Statement balance vs. current balance: What’s the difference?
April 30, 2021
The information provided on this website does not, and is not intended to, act as legal, financial or credit advice. See Lexington Law’s editorial disclosure for more information.
Your statement balance is an overview of all purchases and credits during the previous billing cycle, while your current balance (also referred to as your “outstanding balance”) is the real-time figure of how much you owe on your card based on purchases and payments. Keep reading to learn more about these two balances so you can better understand how your credit card works.
How Is My Statement Balance Calculated?
Your credit card statement balance consists of all of the purchases and payments you made last billing cycle plus any previously unpaid balances and the interest those accrued. It is generated on the last day of your billing cycle, also called the closing day.
In order to understand your statement balance, you need to know when your billing cycle is. You can find this on your monthly statement, which will list a start and end date. It may also list the number of days in the billing cycle, which can span anywhere from 20 to 45 days.
If you do not see this, simply add up the number of days between your start and end date to calculate the length of your billing cycle. This will give you a better understanding of when to make payments and which transactions fall under which cycle.
Why Is My Statement Balance Higher Than My Current Balance?
Since your current balance is a dynamic, always-changing number based on payments and purchases, it may be higher or lower than your statement balance, which is only updated on the closing day of your billing cycle.
If you use your credit card to make day-to-day purchases, your current balance could be higher than your statement balance if you have not made any payments. Alternatively, if you have made payments on your card but have not made any purchases, your current balance would be lower than your statement balance.
Your statement balance remains the same until the closing day, at which time it will update with all payments, purchases, interest and fees accrued during that cycle.
Do You Get Charged Interest If You Pay the Statement Balance?
Every credit card has a period of time after the end of a billing cycle and before the due date in which you must pay at least the minimum payment. The Credit CARD Act of 2009 states that all issuers must give borrowers at least 21 days to pay from the time of the last statement, although many issuers give up to 25 days. This period is called the grace period, and no interest accrues during this time, with the exception of cash advances.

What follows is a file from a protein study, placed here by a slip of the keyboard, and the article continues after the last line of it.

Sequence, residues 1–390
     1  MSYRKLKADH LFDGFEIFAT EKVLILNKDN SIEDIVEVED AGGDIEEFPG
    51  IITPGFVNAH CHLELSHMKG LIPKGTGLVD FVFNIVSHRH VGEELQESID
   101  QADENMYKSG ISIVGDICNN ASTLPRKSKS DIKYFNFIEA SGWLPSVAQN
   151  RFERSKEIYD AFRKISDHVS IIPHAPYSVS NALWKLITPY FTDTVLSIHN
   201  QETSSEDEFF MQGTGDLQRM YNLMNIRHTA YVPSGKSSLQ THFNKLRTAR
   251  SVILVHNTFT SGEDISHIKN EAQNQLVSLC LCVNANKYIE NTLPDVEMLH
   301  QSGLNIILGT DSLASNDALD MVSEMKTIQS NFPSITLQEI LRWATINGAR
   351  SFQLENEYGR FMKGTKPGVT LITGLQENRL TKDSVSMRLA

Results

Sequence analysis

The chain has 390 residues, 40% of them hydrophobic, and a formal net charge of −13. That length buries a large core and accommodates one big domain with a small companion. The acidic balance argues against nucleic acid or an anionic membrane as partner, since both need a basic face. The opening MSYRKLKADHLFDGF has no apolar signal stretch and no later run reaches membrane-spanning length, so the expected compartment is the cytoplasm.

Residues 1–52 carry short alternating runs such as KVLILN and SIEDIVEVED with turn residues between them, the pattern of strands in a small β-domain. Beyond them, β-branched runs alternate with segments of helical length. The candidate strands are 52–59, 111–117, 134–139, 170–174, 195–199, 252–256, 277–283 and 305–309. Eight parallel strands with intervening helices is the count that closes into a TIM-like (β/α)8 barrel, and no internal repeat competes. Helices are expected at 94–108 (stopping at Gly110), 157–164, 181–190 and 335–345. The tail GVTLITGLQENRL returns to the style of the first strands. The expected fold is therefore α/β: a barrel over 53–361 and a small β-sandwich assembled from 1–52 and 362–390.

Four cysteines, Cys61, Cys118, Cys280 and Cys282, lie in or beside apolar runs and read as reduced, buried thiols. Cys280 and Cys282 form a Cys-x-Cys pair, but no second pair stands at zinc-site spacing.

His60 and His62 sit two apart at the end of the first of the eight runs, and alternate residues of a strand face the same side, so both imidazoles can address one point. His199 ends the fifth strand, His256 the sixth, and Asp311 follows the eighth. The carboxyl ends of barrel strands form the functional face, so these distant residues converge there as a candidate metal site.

If you pay your entire statement balance by your due date, you will not be charged interest. While you may see a current balance, you won’t be charged interest on that until the end of your grace period (AKA your payment due date).
Should I Pay the Statement Balance or the Current Balance?
When making a payment on a credit card, you can choose to simply make the minimum payment each month. However, credit cards come with high interest rates, and paying only the minimum payment each month will likely cause you to spend a lot in interest.
If you want to avoid interest charges, you should aim to pay off the statement balance. You may also choose to pay off your current balance, although this isn’t necessary to avoid interest. As long as your statement balance is paid off, you’re in good shape.
While paying down your current balance isn’t necessary in relation to interest payments, it may help you lower your credit utilization, or how much of your credit limit you’re using. As a general rule of thumb, it’s best to keep your credit utilization at or below 30 percent of your credit limit.
While your current balance is not reported to credit bureaus in real time, it may be advantageous to pay it down so that you’ll have a lower statement balance—which is the number that affects your credit score.
Staying on top of credit card payments by enrolling in autopay or using other reminders is a great way to keep your credit score in good shape and set yourself up for long-term financial success.
Reviewed by Alexis Peacock, an Associate Attorney at Lexington Law Firm. Written by Lexington Law.
Alexis Peacock was born in Santa Cruz, California and raised in Scottsdale, Arizona. In 2013, she earned her Bachelor of Science in Criminal Justice and Criminology, graduating cum laude from Arizona State University. Ms. Peacock received her Juris Doctor from Arizona Summit Law School and graduated in 2016. Prior to joining Lexington Law Firm, Ms. Peacock worked in Criminal Defense as both a paralegal and practicing attorney. Ms. Peacock represented clients in criminal matters varying from minor traffic infractions to serious felony cases. Alexis is licensed to practice law in Arizona. She is located in the Phoenix office.
Note: Articles have only been reviewed by the indicated attorney, not written by them. The information provided on this website does not, and is not intended to, act as legal, financial or credit advice; instead, it is for general informational purposes only. Use of, and access to, this website or any of the links or resources contained within the site do not create an attorney-client or fiduciary relationship between the reader, user, or browser and website owner, authors, reviewers, contributors, contributing firms, or their respective agents or employers.